Russian President Vladimir Putin suffers from Asperger's Syndrome, said a secret Pentagon report prepared in 2008 for the US military's Office of Net Assessment. The study, leaked to the media this week, said Putin's "neurological development was significantly interrupted in infancy", possibly due to his pregnant mother having had a stroke with him in the womb.
Asperger's is what explains Putin's obsession with authority and control. "His primary form of compensation for his disorder is extreme control and this is reflected in his decision style and how he governs," it concluded.
Asperger's Syndrome is an autism spectrum disorder marked by social isolation because the affected person is physically awkward, lacks empathy and has poor non-verbal communication skills. In social situations, people with Asperger's often appear robotic, with their body-language out of sync with their speech, which may be either disjointed or overly formal.
Though the description seems to fit Putin like a glove, Moscow expectedly dismissed the report as "stupidity not worthy of comment".
Till the Russian President's brain scans confirm the diagnosis, the jury will be out on why he behaves the way he does. There may be many other reasons for his social awkwardness. For one, it could be old-fashioned shyness that makes him hesitant to reach out to people. For another, he may have chosen to appear cold and distant because smiling makes him look wimpy.
Mind your body language
Whatever the reason, his lack of expression has won him more critics than Russia's alleged arming pro-Russian separatists in Ukraine, a claim it denies. According to two landmark studies (Mehrabian & Wiener, 1967 and Mehrabian & Ferris, 1967) that remain the touchstone of interpersonal communication, 55% of communication is body language, 38% is the tone of voice, and 7% is the actual words spoken.
Clearly, body language and tone of voice are gaping chinks in Putin's armour. While humans rely heavily on personal communication, experts fear that reading facial expression, body language and other forms of non-verbal communication is a skill getting lost among the generation spending more time with gadgets than living and breathing people. We use non-verbal cues a lot more than we realise. It's only when we can hear a tone of voice or look into someone's eyes that we're able to know when "I'm fine" doesn't mean they're fine at all… it may mean the exact opposite. This is when emails, text messages and emoticons fail us. When you text or mail, people hear you, but they don't listen. The nuances of communication -- for example, whether your expression matches what you're saying -- are lost when we stop interacting. So we have the unprecedented paradox of being more connected and more isolated than ever before.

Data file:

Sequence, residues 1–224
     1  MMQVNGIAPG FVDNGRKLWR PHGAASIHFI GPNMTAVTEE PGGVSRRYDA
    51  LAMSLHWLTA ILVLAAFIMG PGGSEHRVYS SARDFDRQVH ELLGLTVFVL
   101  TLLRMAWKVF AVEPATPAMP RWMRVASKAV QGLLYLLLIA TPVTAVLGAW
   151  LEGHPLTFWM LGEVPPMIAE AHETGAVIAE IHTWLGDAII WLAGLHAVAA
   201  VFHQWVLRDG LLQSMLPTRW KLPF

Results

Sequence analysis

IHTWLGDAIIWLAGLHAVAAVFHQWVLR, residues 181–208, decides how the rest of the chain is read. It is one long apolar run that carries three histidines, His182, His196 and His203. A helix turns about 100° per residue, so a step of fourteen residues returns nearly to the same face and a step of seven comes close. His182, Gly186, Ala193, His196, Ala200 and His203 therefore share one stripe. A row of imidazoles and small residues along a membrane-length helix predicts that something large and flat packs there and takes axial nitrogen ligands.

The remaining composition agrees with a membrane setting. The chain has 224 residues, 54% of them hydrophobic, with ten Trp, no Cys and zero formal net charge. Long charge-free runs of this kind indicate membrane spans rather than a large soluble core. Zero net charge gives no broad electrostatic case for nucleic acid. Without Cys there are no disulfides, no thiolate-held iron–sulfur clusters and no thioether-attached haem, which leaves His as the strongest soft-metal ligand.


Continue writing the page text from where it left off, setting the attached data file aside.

Contrary to popular perception, social networking does not always make us less social. Facebook and texting helps students to connect with or arrange more activities and get out, compared to students who didn't use the social networks, showed a study of 1,000 university students in the US, reported a study in the journal, Cyberpsychology, Behavior, and Social Networking. There were, of course, extreme Facebook users who spent hours online at a go and didn't go out much, but it was not typical behaviour. Most students managed to multitask quite efficiently.
The only possible threat from online chatting is that of communication becoming more superficial. Philosopher and cognitive-scientist Noam Chomsky sums it up: "I think it erodes normal human relations. It makes them more superficial, shallow, evanescent... My grandchildren, that's all they do. I mean, of course they talk to people, but an awful lot of their communication is extremely rapid, very shallow communication."
Of course, critics argue that Chomsky's dismissal of a media accessible to non-experts fits a pattern of powerful and influential people fighting to keep their privileged position as social commentators, but it's a trap we have to avoid falling into.
As with anything else, it's what you do with social technology that will define your relationships and social skills. Using too many emoticons may be injurious to your social life, so use them sparingly.